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Haiti’s Prime Minister Resigns in Wake of Gangs Rising to Power

Haiti’s Prime Minister Ariel Henry has announced that he will resign as soon as a presidential council is created, causing several politicians across the nation to “scramble for power.” 

“Even if you have a different kind of government, the reality is that you need to talk to the gangs,” said Robert Fatton, a Haitian politics expert at the University of Virginia, referring to the gangs controlling the capital. 

“If they have that supremacy, and there is no countervailing force, it’s no longer a question if you want them at the table. They may just take the table,” he added. 

Gangs in Haiti allegedly have deep ties to the country’s political and economic elite but are now becoming more independent by fueling their operations with large sums of money, earned through kidnapping ransoms. The money is used to smuggle weapons, which allegedly include belt-fed machine guns and .50-caliber sniper rifles used to overpower underfunded police.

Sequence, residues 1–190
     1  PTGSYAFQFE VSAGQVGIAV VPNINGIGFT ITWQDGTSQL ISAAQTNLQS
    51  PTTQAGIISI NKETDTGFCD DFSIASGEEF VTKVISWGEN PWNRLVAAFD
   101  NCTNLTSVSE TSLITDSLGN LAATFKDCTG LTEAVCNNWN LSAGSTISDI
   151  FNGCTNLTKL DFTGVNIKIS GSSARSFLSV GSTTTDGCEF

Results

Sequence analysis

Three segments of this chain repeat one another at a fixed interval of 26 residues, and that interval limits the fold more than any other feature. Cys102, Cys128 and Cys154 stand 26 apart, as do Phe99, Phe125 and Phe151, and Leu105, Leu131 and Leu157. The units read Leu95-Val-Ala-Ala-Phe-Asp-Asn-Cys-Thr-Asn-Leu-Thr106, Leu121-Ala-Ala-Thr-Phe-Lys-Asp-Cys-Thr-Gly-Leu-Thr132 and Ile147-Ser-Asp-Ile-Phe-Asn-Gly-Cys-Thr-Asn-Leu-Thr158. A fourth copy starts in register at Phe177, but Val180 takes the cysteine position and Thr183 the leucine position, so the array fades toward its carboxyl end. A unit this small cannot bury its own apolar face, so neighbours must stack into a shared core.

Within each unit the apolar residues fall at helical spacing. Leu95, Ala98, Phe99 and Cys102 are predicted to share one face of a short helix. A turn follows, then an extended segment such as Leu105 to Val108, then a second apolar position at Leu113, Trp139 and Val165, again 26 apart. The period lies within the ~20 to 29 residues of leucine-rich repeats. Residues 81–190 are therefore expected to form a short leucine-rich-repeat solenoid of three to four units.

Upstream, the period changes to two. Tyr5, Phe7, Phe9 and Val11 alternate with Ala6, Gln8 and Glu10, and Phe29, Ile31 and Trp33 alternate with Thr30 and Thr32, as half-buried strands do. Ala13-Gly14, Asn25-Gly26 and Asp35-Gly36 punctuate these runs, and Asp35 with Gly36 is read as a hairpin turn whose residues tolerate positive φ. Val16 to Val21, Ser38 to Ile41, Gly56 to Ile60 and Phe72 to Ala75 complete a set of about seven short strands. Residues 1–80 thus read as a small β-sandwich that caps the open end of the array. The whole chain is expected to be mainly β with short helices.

According to western media sources, more than 200 gangs are estimated to operate around Haiti, mostly in Port-au-Prince and surrounding areas. 

“Gangs have become stronger, and they have the upper hand in terms of security,” said Renata Segura of the International Crisis Group. 

“It’s the Haitian people who know what they’re going through. It’s the Haitian people who are going to take destiny into their own hands. Haitian people will choose who will govern them,” Chérizier said.

“The government that I’m running cannot remain insensitive in this situation. There is no sacrifice that is too big for our country,” Henry said. “The government I’m running will remove itself immediately after the installation of the council.”

In the last few weeks, the notorious gangs have engulfed police stations into fire, closed down two of Haiti’s international airports and managed to free more than 4,000 inmates from two of the country’s largest prisons.

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